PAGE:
Recoil? I am 5' 6" (167 cm) tall and weight 123 lbs (56 kgs). I have shot: .375 H&H is very sweet to shoot. .458 WSM is fine. .458 Lott is controllable with practice. .505 Gibbs is too much for me.

    For a dangerous game rifle, I would recommend you to get .458 Lott and practice with it. I am certain you will love it in the end.

    Stan
     
  12. spike.t

    spike.t GOLD SUPPORTER AH Legend

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    mike you beat me to it, after seeing usernames rifle was going to suggest the same, and BBS777 the .416rigby is a great choice . stan has some good points , but a .416 rigby is a big step up from a .375 and i never felt undergunned with mine. enjoy :beer:
     
  13. Nyati

    Nyati AH Legend

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    Welcome to the forum, BigBoreShooter777 !

    I see you already got the proper advice from the old timers here.
     
  14. enysse

    enysse AH Ambassador

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    416 Rigby in a CZ 550 sounds like a excellent idea.
     
  15. BigBoreShooter777

    BigBoreShooter777 New Member

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    Thanks for the replies! I appreciate it!

    Now, I have a question that is gonna build off of the rifle I chose. Does anyone know whether or not CZ could convert a 416 to a 458 on the gun if I later wanted?

    I have been told on here that the .416 Rigby is enough to kill and elephant if I do my part. But is it marginal? To better phrase my question, is it respected as a VIABLE dangerous game round?

    I'm not gonna say that it is a dedicated DG gun. I would like to not have to take 3 different guns :)
     
  16. BigBoreShooter777

    BigBoreShooter777 New Member

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    P.S.- I did some recoil calculators and with the .458 Lott it is telling me under 60 ft.lbs of recoil in a 9.5 lb gun with a muzzle velocity of 2100 fps and a bullet weight of 500 grain..........Any input on that?

    I think both are great cartridges, but right when I think I have decided on the caliber, I second guess myself. I just cant seem to find which one fits me best.....Its not because of lack of guidance, because you guys have been a great help.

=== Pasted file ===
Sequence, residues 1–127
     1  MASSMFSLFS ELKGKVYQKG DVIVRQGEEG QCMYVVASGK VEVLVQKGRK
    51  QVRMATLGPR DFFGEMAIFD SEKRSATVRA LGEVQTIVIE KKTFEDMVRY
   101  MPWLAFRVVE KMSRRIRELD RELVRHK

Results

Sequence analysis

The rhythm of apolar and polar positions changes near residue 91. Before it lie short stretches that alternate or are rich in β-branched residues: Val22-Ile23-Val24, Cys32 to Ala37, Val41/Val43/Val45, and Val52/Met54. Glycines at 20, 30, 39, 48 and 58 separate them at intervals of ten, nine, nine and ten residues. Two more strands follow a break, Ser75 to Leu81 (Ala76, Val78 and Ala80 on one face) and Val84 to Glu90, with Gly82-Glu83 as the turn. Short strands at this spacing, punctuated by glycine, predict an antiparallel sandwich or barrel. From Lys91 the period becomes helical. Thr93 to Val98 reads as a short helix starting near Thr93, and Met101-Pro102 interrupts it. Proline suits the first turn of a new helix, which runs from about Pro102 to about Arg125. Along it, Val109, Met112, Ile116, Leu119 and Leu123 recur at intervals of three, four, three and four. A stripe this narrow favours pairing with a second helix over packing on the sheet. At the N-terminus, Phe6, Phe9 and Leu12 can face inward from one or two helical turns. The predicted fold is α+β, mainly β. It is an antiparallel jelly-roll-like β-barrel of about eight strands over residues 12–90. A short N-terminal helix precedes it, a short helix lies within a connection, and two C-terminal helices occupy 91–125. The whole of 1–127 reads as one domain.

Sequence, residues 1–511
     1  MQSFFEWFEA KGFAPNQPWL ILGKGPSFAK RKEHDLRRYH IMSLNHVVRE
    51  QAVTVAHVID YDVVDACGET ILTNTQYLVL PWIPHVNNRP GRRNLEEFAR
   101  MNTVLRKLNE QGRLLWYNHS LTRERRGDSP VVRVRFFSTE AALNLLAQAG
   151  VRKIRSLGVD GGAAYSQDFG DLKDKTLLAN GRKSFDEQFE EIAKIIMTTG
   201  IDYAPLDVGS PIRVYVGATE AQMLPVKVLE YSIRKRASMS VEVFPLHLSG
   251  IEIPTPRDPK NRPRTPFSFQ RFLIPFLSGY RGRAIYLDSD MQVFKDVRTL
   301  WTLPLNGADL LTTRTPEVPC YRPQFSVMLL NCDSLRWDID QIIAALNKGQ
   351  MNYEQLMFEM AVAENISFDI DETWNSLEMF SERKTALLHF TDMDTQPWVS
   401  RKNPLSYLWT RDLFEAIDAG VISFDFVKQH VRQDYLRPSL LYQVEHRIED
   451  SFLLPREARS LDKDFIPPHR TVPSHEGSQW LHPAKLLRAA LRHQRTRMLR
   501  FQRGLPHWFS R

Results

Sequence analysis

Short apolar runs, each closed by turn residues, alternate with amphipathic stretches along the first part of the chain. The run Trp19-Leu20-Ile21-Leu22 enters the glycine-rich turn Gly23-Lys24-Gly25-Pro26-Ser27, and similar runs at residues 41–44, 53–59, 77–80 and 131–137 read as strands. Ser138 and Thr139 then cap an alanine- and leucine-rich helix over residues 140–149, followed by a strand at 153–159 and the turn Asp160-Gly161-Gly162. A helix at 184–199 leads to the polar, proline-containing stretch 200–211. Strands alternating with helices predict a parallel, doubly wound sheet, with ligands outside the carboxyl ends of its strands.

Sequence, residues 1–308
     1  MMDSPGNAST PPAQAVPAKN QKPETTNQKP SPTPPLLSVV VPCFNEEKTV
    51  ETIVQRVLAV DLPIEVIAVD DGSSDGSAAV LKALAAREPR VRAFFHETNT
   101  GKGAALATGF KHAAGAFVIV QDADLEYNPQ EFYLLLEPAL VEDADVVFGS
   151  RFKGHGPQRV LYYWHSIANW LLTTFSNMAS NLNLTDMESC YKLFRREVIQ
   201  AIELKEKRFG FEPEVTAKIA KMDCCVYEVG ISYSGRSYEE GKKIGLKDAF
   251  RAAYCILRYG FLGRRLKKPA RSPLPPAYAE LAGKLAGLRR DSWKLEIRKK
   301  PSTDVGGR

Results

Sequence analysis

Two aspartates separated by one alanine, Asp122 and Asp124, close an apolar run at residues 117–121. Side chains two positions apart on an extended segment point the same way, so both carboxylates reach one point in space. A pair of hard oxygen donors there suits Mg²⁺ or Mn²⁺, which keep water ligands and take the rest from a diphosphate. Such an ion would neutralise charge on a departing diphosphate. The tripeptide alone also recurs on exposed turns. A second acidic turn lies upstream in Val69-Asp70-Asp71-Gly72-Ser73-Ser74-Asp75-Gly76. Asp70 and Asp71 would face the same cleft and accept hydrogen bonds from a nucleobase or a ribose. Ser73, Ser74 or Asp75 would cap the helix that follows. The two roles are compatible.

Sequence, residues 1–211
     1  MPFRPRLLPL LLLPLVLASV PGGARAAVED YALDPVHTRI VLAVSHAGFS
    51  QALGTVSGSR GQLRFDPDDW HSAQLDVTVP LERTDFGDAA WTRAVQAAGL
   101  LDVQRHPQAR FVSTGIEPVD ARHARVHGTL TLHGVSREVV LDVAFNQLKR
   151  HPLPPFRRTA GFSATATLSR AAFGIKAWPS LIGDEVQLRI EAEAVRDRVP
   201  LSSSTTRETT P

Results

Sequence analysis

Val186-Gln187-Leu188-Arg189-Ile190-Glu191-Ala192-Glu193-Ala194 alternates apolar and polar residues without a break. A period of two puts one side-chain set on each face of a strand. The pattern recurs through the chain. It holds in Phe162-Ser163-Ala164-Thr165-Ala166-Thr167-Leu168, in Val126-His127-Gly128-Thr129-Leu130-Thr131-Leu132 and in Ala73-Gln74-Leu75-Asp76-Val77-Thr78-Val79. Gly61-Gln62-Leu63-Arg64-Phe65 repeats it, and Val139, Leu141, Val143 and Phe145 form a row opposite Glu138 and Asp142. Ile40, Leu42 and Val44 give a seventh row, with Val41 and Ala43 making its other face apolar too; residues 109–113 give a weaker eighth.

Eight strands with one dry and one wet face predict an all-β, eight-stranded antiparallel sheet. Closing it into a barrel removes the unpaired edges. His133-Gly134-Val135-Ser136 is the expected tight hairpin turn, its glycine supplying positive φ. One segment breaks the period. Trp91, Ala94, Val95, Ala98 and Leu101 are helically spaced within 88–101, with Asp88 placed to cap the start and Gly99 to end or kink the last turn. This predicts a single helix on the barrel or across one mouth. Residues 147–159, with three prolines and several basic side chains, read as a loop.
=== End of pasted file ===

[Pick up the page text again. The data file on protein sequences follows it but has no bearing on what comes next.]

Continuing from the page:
17. spike.t

    spike.t GOLD SUPPORTER AH Legend

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    the .416 rigby is highly respected and very viable as a dangerous game round. professional hunters including harry selby and commander david blunt used them on plenty of elephant and didnt find it lacking in any department. norman carr had one and it is still used by his son adrian in zambia now, so dont worry it is well tried and tested.
     
  18. Mike70560

    Mike70560 AH Fanatic

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    Either is a great choice. I have said on a one rifle safari it would be a 416 Rem or Rigby, but would not hesitate to do it with a Lott. Do not second guess either choice, there are plenty of others that will do that for you.

    Recoil on a Lott with a good fitting stock is not bad. It will get your attention, but with proper technique it is very manageable.
     
  19. Mike70560

    Mike70560 AH Fanatic

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    A good gunsmith can build a CZ 550 in just about any big bore cartridge. It would of course require a new barrel, the bolt face is larger on the Rigby, so it may need to be changed or modified, a gunsmith could answer that. The magazine/follower would be modified or changed also so it would feed properly.
     
  20. Stan-Elephant Trail

    Stan-Elephant Trail AH Veteran

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    Hi again,

    Both .416 and .458 are great choices. Choose what you like best.

    If you plan to hunt a lot of elephant and hippo, go with bigger caliber. If you plan to hunt of buffalo and cats more, go with .416.

    If you will be using factory ammo, may I suggest that you chronograph them before you decide on one as you will be surprise with the outcome?
    I had Federal Cape Shoc 375 H&H 300 Trophy Bonded Sledgehammer chonographed at 1,816 Ft/s average VS 2,440 Ft/s advertised. Please watch this video, was my shot bad or not enough penetration from this ammo? The shot was angle up. This was from my last safari in Namibia.



    With .458 Lott, I plan to load it down to 2,150 to 2,200 Ft/s. with 500 grains bullet. And like James has mentioned you can use .458 WSA ammo too.

    You will need to consider what bullet you will be using too. For solid, I highly recommend Flat Nose.

    Good luck.